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Re: [John Muir Trail] May Snow Survery - looking good for early hikers!

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  • rnperky@sbcglobal.net
    I can tell you first hand about our lack of snow in and around Lake Tahoe as I have been out hiking already in areas where I couldn t hike in mid-June to
    Message 1 of 9 , May 2 6:54 AM
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      I can tell you first hand about our lack of snow in and around Lake Tahoe as I have been out hiking already in areas where I couldn't hike in mid-June to early-July last year. A pathetic snowpack coupled with record high temps are not a good combo for a snow pack...on the other hand though, It will make it much easier on the early season hikers and clear out the mozzies by August when I go. As long as the smoke from a possibly bad fire season stays down, it should be a great year for trouble-free pass and creek crossings.

      --- In johnmuirtrail@yahoogroups.com, John Ladd <johnladd@...> wrote:
      >
      > Assuming that this is confirmed when all the numbers are in, this means
      > that we had a higher melt in April than normal, in addition to the lower
      > snowfall across the winter. If you are looking at individual station
      > snowpack (depth) figures, you could use a rough rule of thumb that from
      > here out we should be losing about 2.5 inches of snowpack depth per day on
      > the passes. Unfortunately, few of the snowpack measurements are on passes,
      > however. They tend to be on high meadows or the lower end of bowls, so I'd
      > still bring footwear that can kick firmly into consolidated snow if you are
      > travelling in June.
      >
      > John Curran Ladd
      > 1616 Castro Street
      > San Francisco, CA 94114-3707
      > 415-648-9279
      >
      >
      > On Tue, May 1, 2012 at 11:30 PM, jksierrastar <judybrill@...> wrote:
      >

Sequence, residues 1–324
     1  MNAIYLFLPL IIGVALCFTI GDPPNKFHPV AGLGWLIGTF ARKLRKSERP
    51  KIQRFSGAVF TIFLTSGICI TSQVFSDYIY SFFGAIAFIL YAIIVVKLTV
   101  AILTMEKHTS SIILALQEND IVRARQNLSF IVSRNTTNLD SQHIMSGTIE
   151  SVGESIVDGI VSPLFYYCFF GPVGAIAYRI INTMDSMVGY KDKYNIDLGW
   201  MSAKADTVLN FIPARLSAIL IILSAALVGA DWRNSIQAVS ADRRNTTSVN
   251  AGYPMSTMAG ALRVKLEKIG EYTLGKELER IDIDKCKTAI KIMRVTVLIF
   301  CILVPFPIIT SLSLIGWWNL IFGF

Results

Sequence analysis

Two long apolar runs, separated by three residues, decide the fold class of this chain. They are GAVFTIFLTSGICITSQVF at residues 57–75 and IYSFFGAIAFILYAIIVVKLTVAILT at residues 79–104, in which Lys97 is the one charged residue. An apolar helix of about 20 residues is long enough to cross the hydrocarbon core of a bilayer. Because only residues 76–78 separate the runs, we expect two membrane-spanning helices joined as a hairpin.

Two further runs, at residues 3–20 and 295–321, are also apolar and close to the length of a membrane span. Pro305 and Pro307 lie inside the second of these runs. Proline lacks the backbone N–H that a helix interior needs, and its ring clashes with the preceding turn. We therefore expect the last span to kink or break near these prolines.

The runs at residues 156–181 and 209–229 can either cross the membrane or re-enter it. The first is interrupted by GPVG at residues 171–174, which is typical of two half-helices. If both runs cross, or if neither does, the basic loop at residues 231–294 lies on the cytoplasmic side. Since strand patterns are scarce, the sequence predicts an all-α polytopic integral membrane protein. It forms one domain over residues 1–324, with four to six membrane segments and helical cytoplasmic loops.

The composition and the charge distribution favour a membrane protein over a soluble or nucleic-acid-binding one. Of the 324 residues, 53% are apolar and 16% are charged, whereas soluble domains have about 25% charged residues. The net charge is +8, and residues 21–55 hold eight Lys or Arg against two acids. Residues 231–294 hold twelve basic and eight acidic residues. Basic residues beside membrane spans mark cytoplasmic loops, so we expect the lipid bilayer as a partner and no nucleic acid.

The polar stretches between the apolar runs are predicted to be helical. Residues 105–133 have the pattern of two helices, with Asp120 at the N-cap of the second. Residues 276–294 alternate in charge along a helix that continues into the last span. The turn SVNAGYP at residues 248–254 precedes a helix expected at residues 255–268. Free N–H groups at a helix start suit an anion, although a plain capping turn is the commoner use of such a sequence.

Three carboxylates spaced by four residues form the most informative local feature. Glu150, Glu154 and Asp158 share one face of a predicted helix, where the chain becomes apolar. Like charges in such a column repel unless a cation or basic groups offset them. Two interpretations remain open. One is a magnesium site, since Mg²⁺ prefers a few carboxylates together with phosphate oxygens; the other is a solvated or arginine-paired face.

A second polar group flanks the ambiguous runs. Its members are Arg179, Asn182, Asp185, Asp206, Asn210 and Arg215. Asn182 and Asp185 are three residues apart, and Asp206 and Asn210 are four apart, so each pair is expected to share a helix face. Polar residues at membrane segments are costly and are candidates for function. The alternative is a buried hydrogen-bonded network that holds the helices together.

> > **
      > >
      > >
      > > Not sure if this was posted yet - Here ya go:
      > >
      > > http://www.water.ca.gov/news/newsreleases/2012/050112snow.pdf
      > >
      > >
      > >
      >
    • Justice
      I am thinking about getting a back country permit for Rafferty Creek- Vogelsang and camping near Merced Lake my first night then hiking up Half Dome, starting
      Message 2 of 9 , May 3 7:09 AM
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        I am thinking about getting a back country permit for Rafferty Creek->Vogelsang and camping near Merced Lake my first night then hiking up Half Dome, starting on June 14. Will snow be a problem? Looking at a map it gets to near 10,000 feet, I do not want to get permits now if there will still be snow. Thanks for any help.

        --- In johnmuirtrail@yahoogroups.com, "rnperky@..." <rnperky@...> wrote:
        >
        > I can tell you first hand about our lack of snow in and around Lake Tahoe as I have been out hiking already in areas where I couldn't hike in mid-June to early-July last year. A pathetic snowpack coupled with record high temps are not a good combo for a snow pack...on the other hand though, It will make it much easier on the early season hikers and clear out the mozzies by August when I go. As long as the smoke from a possibly bad fire season stays down, it should be a great year for trouble-free pass and creek crossings.
        >
        > --- In johnmuirtrail@yahoogroups.com, John Ladd <johnladd@> wrote:
        > >
        > > Assuming that this is confirmed when all the numbers are in, this means
        > > that we had a higher melt in April than normal, in addition to the lower
        > > snowfall across the winter. If you are looking at individual station
        > > snowpack (depth) figures, you could use a rough rule of thumb that from
        > > here out we should be losing about 2.5 inches of snowpack depth per day on
        > > the passes. Unfortunately, few of the snowpack measurements are on passes,
        > > however. They tend to be on high meadows or the lower end of bowls, so I'd
        > > still bring footwear that can kick firmly into consolidated snow if you are
        > > travelling in June.
        > >
        > > John Curran Ladd
        > > 1616 Castro Street
        > > San Francisco, CA 94114-3707
        > > 415-648-9279
        > >
        > >
        > > On Tue, May 1, 2012 at 11:30 PM, jksierrastar <judybrill@> wrote:
        > >
        > > > **
        > > >
        > > >
        > > > Not sure if this was posted yet - Here ya go: